Notwithstanding, there are types of music pieces and areas in which it should be sensible to offer physical copies on display. For instance stores can continue to offer films, live concerts, TV series by season, and games as ready-made products. In addition, areas like jazz and classical music should still deserve special rooms with most space allocated to displays of physical items to accommodate usually more conservative habits of amateurs of these types of music.
Consumers of entertainment of sorts, especially younger ones (say under 30), prefer to sit in front of the computer at the comfort of their homes, sometimes for hours, surf the network for various music and video pieces. They also like to download pieces onto portable devices such as MP3 players, smartphones and tablet computers. But they do not truly perform this activity all alone. Conspicuously as they sit on their own with the computer they often communicate with friends and relatives, consulting and change ideas or recommendations talking on the phone or chatting in social media communities.
So why not offer these consumers a more lively social way to interact with friends face-to-face in a store? For that purpose, special sitting sets for 2-4 people can be installed in special areas of the store (not to disturb other customers). At the set a small group of customers-friends can sit together, use each his or her multimedia application to explore and examine favourite pieces while from time to time conversing with each other on their findings. This setting offers people a more natural, direct and open way of socializing, and it has a good chance of producing richer shopping baskets.
These are two directions for developing a new model for music or entertainment media stores that I conceive as promising from a consumer perspective. More generally and beyond the proposed directions, stores will have to create benefits that enrich the whole experience of shoppers during their visit and that the Internet and personal electronic devices (i.e., for online sales and digital download) cannot in their capacity replace (e.g., contact with expert staff, events, sensual stimuli in the store’s scene). For stores’ owners and managers, the goal is clearly to convert shoppers into happy customers who enjoy returning frequently to the store(s).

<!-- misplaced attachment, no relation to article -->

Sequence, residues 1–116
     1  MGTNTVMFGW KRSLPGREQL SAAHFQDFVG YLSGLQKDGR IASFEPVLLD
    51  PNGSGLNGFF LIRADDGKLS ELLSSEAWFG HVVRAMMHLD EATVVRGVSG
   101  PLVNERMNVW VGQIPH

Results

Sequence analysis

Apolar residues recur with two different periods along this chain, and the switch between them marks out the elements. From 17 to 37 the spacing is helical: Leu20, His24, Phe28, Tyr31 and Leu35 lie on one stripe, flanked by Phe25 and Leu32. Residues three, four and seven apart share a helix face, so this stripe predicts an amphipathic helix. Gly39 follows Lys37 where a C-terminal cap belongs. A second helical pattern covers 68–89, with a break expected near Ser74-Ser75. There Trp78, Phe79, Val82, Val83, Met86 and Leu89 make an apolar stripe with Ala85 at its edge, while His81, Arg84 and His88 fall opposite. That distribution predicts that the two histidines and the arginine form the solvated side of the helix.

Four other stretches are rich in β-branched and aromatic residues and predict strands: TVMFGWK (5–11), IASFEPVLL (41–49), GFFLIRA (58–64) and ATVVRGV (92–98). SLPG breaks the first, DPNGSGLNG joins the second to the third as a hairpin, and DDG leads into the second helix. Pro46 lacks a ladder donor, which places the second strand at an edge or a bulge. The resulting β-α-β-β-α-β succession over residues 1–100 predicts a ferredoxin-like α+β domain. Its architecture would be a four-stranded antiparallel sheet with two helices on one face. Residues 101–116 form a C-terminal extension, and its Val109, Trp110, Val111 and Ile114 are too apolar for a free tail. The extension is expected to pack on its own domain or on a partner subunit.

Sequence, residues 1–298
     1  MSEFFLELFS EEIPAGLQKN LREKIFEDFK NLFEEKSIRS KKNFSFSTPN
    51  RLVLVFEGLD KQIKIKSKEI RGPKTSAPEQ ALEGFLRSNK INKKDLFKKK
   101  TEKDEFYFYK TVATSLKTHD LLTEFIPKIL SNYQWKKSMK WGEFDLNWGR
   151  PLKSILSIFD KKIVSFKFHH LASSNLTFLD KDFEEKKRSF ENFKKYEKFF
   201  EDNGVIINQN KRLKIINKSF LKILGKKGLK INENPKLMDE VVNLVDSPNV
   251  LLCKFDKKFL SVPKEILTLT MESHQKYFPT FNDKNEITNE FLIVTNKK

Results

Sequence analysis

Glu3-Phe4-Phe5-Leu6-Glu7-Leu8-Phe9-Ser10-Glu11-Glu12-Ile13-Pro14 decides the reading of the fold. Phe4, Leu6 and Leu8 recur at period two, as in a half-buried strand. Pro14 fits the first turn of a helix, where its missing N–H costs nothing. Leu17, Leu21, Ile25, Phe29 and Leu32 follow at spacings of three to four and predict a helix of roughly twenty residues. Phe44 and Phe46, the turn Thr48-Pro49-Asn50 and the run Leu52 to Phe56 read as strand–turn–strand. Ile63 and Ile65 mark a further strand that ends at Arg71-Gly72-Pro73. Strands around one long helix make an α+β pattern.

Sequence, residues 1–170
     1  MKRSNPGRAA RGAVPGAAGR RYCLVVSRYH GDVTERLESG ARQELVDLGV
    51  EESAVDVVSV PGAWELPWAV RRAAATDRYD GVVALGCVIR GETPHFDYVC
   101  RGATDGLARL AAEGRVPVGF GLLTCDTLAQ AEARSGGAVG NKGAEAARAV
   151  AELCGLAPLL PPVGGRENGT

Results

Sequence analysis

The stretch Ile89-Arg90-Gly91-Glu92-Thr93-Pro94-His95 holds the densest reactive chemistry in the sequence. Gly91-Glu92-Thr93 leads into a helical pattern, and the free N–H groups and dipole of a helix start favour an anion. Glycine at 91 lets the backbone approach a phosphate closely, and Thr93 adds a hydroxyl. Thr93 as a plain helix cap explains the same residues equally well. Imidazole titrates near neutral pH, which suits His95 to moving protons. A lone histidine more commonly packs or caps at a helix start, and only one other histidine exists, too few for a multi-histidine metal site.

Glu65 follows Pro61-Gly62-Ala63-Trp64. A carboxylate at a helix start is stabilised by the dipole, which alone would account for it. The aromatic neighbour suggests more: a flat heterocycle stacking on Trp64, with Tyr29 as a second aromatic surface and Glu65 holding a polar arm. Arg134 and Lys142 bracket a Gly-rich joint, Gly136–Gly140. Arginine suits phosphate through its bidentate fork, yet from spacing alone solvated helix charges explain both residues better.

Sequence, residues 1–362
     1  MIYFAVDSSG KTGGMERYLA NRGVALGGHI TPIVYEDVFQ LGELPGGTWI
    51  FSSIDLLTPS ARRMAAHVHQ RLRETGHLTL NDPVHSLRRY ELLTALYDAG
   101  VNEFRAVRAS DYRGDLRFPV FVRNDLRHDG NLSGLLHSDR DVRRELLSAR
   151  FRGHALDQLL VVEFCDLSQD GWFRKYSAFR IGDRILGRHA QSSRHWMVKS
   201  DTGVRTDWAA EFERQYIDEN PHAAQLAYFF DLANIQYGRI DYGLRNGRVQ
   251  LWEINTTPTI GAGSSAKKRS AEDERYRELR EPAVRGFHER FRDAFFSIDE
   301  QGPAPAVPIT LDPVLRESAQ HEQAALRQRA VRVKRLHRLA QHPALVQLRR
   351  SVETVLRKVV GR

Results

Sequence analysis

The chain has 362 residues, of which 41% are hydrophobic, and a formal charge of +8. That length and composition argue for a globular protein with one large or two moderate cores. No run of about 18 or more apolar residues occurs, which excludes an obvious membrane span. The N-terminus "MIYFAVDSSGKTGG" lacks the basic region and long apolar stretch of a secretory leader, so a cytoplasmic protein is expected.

Ron Ventura, Ph.D. (Marketing)
“Branson sells Virgin Music Stores”, BBC News, 17 Sept., 2007
“Zavvi placed into administration”, BBC News, 24 Dec. 2008
“Tower Records victim of iPod era”, Associated Press at MSN Money, 10 Oct. 2006
“HMV prepares for split to stem rising debt“, Financial Times FT.com, 28 March 2011
“HMV in its third profit warning of this year”, The Guardian (online), 5 Apr. 2011
One thought on “Needed: A New Model for Music Stores”
I long for your proposed model for music stores. I strongly believe that music stores should be present in the physical realm as well, just because it is still a lively sort of entertainment. I believe the downfall of these mega stores is an outcome of a refusal to see the wind of change.
Turning music stores into a place of social meeting place where people can talk and have fun while being induced in music ambiance, plus making personal customization in regard to the way of trading music, work for both parties, the music store’s owner, and the costumers.